Thursday, 6 December 2007

Hardy-Weinberg Question #1


After graduation, you and 19 friends build a raft, sail to a deserted island, and start a new population, totally isolated from the world. Two of your friends carry (that is, are heterozygous for) the recessive cf allele, which in homozygotes causes cystic fibrosis. Assuming that the frequency of this allele does not change as the population grows, what will the incidence of cystic fibrosis on your island be?


To answer the question, you first need to convert the population's genotypes into alleles. (Call 'C' the dominant, normal allele, and 'c' the recessive, potentialy cystic-fibrosis-causing allele.)

In other words, there are 20 people, so there will be 40 'C' or 'c' alleles. Two friends are heterozygous for the cystic firbosis allele, so they must both be Cc, giving us a total of 2 'c' alleles in the population. The remainder (38 alleles) must all be C.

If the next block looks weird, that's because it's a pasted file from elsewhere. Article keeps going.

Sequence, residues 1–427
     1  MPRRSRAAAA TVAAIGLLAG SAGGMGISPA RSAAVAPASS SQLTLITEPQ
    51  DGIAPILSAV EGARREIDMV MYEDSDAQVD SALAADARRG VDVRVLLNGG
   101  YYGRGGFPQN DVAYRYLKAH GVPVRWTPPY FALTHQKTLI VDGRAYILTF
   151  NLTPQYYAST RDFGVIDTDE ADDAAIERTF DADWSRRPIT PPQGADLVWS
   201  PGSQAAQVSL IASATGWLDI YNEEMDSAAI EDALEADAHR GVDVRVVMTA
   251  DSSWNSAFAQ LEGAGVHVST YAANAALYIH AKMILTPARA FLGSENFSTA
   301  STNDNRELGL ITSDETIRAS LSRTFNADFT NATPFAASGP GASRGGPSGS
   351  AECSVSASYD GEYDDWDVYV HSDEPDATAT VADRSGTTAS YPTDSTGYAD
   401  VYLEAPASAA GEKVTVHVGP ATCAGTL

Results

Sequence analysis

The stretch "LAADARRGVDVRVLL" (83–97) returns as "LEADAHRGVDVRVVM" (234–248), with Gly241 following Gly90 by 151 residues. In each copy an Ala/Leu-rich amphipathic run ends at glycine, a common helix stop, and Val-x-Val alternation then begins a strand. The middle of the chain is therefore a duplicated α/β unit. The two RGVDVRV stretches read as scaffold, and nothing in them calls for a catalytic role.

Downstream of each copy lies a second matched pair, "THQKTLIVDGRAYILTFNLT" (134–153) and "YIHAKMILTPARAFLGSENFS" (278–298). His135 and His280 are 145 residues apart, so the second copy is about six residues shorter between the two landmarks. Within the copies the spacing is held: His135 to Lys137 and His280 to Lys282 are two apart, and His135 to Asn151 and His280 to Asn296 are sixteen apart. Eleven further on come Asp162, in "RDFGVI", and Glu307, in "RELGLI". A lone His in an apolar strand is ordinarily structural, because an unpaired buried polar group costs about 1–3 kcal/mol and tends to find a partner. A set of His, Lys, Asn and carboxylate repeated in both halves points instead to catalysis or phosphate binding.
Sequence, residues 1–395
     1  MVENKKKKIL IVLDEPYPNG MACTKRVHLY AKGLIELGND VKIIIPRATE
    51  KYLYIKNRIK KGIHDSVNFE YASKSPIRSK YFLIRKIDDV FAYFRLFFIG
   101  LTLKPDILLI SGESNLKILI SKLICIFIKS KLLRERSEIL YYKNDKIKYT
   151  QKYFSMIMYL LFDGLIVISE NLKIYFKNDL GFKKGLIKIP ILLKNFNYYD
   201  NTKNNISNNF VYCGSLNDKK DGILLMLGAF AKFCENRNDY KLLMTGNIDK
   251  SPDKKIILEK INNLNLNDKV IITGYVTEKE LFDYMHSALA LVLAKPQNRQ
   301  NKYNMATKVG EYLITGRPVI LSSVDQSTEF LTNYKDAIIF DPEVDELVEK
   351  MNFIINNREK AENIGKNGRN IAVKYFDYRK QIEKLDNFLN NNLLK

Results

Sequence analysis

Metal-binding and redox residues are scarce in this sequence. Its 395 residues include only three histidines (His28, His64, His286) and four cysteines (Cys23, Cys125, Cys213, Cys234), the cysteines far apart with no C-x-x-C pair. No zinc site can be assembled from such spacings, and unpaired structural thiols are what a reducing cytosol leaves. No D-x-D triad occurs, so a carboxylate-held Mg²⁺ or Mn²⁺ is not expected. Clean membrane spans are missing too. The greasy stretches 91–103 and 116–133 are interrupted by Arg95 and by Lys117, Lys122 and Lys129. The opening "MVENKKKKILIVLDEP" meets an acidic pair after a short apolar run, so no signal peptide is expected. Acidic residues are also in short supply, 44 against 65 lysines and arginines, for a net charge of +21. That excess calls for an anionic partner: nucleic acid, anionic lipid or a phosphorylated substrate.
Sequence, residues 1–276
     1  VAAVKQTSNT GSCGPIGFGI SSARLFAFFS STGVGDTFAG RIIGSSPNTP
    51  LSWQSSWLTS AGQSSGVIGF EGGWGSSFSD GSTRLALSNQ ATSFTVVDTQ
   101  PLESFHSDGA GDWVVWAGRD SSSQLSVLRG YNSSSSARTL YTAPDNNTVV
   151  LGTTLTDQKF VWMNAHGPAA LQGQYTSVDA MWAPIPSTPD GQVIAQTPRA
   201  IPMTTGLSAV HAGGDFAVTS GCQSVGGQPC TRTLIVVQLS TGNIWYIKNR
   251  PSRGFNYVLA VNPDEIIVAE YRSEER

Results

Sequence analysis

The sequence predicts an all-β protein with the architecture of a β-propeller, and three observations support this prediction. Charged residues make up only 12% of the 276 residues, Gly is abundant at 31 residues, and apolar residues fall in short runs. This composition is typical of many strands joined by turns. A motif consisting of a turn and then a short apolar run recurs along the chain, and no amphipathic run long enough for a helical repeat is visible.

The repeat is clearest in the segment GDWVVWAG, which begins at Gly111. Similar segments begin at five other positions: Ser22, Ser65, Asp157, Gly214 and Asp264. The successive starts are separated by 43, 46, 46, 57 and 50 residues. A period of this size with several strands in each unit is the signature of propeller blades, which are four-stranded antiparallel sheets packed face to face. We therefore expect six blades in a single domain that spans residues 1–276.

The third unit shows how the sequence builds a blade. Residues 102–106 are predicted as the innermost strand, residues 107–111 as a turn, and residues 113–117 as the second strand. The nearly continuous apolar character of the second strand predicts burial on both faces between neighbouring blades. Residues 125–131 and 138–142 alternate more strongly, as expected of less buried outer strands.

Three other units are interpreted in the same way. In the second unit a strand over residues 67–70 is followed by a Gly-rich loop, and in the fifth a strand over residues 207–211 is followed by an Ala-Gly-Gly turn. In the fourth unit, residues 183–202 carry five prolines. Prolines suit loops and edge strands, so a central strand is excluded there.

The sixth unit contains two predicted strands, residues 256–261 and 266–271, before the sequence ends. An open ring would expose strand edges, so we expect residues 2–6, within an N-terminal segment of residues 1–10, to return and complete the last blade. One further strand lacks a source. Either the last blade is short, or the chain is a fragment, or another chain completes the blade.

So the frequency of the recessive allele will be 2/40. i.e. q = 0.05.

Lastly, we are asked for the incidence of cystic fibrosis. Cystic fibrosis is recessive - it only occurs if the individual happens to have TWO copies of the 'c' allele. In other words, the only homozygous recessive individuals will be affected. Recall that the homozygous recessive genotype is represented by the Hardy-Weinberg equation as q2.

We know that q = 0.05, so q2 = 0.0025

And that's the incidence. You could also write it more accessibly by saying that the incidence is 2.5 in 1000.

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